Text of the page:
DeEtte Gray’s Leadership is Rooted in the Classroom, Employed in Federal Service

DeEtte Gray, CACI

DeEtte Gray describes her background as “unique” — her career started as a middle school teacher and moved to corporate leadership as president of the Business and Information Technology Solutions sector of CACI, a provider of unique expertise and distinctive technology to enterprise and mission customers.

“I actually have a very unique background,” Gray said. “I wouldn’t say I really planned it all out.”

Gray began her career in education, teaching math and science at a North Carolina middle school. Only five years later, however, she switched fields to private industry, and in 2017, she joined the CACI leadership team.

“I’ve had a blast since I’ve been here,” she said. “The company is growing like crazy and it’s an exciting place to be.”

Driven by Mission and Challenge

For Gray, her commitment is largely impacted by the importance of the mission.

“The work that we do helps protect the nation. We enable our customers to do their mission more efficiently,” she said.

In Gray’s area of business, her teams help government visualize its data to make better informed decisions and ultimately, protect those protecting our nation. CACI is also helping government to modernize business, financial and human resource systems, and its IT infrastructure.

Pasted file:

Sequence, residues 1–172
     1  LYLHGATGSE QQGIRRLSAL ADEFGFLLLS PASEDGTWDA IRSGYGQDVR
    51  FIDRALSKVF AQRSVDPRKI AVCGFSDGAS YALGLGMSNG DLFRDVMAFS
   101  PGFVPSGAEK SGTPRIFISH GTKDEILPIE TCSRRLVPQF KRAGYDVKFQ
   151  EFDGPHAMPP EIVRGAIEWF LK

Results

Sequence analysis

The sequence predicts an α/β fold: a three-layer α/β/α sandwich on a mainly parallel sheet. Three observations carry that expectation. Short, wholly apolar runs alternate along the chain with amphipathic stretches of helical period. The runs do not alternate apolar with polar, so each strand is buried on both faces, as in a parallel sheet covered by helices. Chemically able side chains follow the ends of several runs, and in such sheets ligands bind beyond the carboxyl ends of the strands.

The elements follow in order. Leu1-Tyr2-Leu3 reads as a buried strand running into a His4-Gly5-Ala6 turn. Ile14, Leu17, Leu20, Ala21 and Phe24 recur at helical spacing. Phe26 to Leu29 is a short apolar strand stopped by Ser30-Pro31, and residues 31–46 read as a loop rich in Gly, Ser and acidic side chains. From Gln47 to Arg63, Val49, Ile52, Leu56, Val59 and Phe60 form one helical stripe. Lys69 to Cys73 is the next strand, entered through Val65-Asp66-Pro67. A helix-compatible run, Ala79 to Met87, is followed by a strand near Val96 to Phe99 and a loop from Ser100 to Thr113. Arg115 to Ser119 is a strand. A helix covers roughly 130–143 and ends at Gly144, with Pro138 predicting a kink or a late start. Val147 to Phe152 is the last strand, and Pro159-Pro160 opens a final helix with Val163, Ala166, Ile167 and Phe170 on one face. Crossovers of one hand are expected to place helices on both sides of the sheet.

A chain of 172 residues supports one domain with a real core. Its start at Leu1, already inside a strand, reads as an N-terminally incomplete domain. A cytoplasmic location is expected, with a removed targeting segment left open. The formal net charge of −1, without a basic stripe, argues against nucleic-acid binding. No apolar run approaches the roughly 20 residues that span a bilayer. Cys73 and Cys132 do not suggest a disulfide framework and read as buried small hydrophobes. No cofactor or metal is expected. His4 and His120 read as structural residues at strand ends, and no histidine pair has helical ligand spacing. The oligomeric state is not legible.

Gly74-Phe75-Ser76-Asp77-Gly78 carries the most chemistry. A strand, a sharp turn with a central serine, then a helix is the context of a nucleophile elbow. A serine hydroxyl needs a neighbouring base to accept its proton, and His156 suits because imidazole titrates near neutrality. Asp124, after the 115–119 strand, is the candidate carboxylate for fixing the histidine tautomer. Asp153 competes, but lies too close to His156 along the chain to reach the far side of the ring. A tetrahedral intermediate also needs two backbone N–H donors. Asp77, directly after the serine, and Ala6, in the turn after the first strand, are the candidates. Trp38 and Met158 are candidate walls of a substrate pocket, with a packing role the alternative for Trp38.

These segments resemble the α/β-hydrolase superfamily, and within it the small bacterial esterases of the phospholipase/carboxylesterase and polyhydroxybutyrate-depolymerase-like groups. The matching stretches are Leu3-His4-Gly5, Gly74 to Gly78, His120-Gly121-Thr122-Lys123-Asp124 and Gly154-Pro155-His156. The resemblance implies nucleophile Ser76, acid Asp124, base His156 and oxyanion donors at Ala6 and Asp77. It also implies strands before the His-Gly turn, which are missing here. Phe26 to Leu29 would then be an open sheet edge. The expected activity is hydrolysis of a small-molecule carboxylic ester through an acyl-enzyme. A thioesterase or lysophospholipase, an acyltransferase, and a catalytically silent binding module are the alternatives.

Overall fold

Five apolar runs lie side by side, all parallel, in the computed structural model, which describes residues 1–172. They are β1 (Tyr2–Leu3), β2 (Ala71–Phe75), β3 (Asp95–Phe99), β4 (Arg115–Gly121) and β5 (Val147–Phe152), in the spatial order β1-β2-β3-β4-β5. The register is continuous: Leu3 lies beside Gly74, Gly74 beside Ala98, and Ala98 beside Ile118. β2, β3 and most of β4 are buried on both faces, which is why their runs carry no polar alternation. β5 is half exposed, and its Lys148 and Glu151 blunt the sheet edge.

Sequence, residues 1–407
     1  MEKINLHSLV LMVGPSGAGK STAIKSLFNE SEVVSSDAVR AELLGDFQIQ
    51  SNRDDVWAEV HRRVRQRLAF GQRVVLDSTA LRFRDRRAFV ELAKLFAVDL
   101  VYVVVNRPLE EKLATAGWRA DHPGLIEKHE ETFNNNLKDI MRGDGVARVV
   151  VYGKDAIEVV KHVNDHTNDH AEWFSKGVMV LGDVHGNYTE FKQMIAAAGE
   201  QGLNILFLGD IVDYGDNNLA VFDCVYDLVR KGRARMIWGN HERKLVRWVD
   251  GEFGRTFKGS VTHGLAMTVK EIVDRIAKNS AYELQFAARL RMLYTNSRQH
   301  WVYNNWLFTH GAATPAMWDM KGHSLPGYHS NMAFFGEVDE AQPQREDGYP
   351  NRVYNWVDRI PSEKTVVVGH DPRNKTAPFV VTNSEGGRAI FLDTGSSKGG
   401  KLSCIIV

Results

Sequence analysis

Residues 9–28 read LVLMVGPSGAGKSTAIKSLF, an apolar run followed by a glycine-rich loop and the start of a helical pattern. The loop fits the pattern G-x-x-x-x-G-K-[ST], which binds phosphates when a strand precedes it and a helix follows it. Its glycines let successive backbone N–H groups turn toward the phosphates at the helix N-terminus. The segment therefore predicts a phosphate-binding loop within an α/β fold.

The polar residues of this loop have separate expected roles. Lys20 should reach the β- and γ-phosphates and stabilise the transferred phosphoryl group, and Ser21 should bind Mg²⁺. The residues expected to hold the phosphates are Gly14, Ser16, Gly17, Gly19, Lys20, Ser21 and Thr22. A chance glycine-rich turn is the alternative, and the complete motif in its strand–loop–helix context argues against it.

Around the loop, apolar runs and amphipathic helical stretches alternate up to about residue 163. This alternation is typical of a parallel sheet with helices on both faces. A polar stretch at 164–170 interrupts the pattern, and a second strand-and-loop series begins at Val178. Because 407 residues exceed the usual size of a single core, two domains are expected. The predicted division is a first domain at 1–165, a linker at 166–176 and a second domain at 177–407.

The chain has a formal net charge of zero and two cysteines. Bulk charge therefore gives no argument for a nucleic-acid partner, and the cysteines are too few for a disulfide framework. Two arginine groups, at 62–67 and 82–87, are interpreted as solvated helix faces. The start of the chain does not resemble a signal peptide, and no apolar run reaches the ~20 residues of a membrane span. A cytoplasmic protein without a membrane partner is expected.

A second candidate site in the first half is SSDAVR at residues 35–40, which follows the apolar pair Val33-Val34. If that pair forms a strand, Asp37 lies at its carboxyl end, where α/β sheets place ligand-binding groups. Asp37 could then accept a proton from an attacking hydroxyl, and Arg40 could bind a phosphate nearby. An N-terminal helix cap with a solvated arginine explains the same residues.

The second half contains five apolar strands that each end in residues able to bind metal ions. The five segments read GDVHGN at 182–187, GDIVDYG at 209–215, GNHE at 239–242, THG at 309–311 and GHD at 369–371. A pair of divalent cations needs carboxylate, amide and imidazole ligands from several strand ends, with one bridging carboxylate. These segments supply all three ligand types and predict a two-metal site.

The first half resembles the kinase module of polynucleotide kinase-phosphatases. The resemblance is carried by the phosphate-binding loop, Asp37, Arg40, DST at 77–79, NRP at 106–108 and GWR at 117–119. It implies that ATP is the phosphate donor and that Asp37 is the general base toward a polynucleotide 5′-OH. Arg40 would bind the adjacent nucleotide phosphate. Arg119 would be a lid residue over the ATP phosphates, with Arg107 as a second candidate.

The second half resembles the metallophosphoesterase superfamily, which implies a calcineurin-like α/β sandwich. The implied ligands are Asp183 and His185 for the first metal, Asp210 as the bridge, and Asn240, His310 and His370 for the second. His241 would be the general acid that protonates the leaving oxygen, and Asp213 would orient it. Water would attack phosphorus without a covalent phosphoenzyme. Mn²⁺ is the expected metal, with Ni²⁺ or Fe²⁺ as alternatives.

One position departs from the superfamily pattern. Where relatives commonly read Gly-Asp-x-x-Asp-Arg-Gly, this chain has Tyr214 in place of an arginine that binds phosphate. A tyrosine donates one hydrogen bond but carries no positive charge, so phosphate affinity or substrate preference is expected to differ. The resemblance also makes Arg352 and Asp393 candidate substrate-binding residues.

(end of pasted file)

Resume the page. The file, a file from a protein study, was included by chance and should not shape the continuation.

But it’s not always easy, and Gray loves a challenge and solving problems.

“Every one of my jobs is almost double the size of the job before,” she said, and it remains rewarding to take on new positions with new challenges.

For example, CACI’s previous year was one of its best growth years on record, and Gray’s sector has won new business, grown programs and developed experts.

“It’s fun to watch our teams win great jobs,” Gray said.

Because ultimately, Gray is motivated by her teams’ successes.

“My job is to enable them,” she said. “I know I didn’t do all the hands-on work, but I helped set the direction and coached them along the way.”

And seeing those results, Gray said, makes it all worth it. Going forward, Gray focuses on three main areas: expanding employees’ expertise, providing leadership and advancing CACI’s capabilities.

“We can’t do any of this without skilled people — our employees are our greatest asset” Gray said. She wants to create an environment that provides the kinds of careers, challenging work and leadership training people in the industry want and deserve.

CACI is also investing in expanding its solutions and technologies to stay competitive in the market.

“When we invest in our people, advance our technology and expertise and promote good leaders, then we’ll continue to deliver the best performance for our customers,” Gray said.

From the Classroom to GovCon

Gray didn’t initially plan her career path. In fact, a common thread throughout her career is that people have come to her for jobs.